New Kansas City ordinance hopes to strip thieves of easy cash

KANSAS CITY, Mo. -- A Kansas City ordinance to crack down on illegal towing and cash payouts for cars and copper could soon be on the books.

The Neighborhoods and Public Safety Committee met Wednesday to get community input on how to best implement the new codes.

City resident Deborah White-Sanchez has seen first hand how the chase of easy money has impacted her neighborhood.

"The vacant housing feeds into the crime, it feed into the meth epidemic, it feeds into the drug epidemic, because the people are living in the houses, squatting in the houses, they call them "abandon-miniums," but they are also breaking into other houses in the community.

Crooks breaking into homes to strip the copper or stealing cars or car parts to sell off for quick cash.

"It feels like being in a domestic violence situation when you finally go to somebody and they tell you 'I`m going to help set you free.` you don`t know what it looks like but you know somebody is going to try to help you do something," said White-Sanchez.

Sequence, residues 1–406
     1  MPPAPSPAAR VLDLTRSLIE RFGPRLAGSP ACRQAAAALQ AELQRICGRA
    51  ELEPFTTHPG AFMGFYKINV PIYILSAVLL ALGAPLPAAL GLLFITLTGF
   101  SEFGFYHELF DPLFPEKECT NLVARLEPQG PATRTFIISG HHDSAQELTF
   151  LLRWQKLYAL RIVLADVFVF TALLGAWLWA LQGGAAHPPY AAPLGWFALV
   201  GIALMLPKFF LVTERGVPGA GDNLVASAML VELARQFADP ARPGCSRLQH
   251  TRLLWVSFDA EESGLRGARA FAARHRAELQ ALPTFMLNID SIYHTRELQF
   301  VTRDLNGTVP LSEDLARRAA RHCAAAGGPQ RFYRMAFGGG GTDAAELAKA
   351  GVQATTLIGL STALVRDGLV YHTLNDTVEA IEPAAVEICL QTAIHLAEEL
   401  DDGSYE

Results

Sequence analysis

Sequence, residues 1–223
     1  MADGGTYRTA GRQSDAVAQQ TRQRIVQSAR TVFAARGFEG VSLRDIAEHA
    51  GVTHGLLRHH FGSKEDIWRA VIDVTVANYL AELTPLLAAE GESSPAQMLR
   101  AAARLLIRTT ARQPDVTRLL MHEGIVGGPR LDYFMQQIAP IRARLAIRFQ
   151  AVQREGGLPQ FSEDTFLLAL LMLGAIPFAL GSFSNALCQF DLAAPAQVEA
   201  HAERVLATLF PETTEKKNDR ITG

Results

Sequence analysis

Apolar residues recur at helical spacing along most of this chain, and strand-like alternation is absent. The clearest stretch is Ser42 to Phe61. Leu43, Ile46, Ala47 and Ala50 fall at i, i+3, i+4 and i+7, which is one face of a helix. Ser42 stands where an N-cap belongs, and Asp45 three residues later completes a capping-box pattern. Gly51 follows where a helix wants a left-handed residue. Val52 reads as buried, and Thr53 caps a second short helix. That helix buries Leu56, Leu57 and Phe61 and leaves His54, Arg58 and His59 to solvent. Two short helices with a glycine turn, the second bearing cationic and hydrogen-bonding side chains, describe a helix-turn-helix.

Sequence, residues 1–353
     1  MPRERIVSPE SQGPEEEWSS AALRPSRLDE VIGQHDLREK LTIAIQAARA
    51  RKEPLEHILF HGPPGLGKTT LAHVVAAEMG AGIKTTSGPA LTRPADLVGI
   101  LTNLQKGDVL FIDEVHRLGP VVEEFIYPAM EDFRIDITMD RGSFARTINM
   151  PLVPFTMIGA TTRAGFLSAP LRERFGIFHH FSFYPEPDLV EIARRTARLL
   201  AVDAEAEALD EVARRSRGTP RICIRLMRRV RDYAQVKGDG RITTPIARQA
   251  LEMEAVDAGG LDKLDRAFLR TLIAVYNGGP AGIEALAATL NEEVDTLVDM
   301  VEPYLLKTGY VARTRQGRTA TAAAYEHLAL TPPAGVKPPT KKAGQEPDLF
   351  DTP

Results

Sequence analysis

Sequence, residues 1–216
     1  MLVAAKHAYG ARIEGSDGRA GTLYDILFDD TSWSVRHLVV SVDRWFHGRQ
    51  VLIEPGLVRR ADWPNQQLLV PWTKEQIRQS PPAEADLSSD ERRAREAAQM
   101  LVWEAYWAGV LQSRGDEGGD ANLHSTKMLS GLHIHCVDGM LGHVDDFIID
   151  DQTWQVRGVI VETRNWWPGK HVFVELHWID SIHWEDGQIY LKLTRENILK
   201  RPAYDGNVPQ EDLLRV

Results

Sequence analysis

Mayor Pro Tem Scott Wagner who is the sponsor of a stronger city ordinance aimed at disincentivizing thieves chasing fast cash.

"The idea that you can get untraceable, easy money is the issue we`re trying to deal with in this ordinance because most wire you don`t know where it comes from, most copper you don`t know where it comes from which makes it a very inviting target."

Salvador Lopez of the Guadalupe Center supports the proposed ordinance after he said four thieves caused over $50,000 in damage after breaking in and stripping copper from the basement.

"This would help prevent those who are coming in, like these thefts, and stealing then going to places where they are able to sell for cash and not have any type of paper trail of who they are selling to," said Lopez.

The ordinance will also put new restrictions on illegal towing as well as change the way scrapyards buy used cars and pay those that bring them in. All-N-1 Auto Parts owner Dennis Roberts fears what would happen to businesses such as his.

"If this law went into effect it would totally change what we do. We would not have near as many cars, it would cause prices to go up for customers on product because we`d have to spend more on other cars, and probably cost jobs."

Over the next four weeks Wagner and others will work on finalizing the ordinance to help folks like White-Sanchez sleep a bit easier at night.

"At the end of the day, we know that easy money is what is causing a lot of these issues across the city and causing a lot of the unintended consequence of crime and other things that our neighborhoods are having to experience," said Wagner.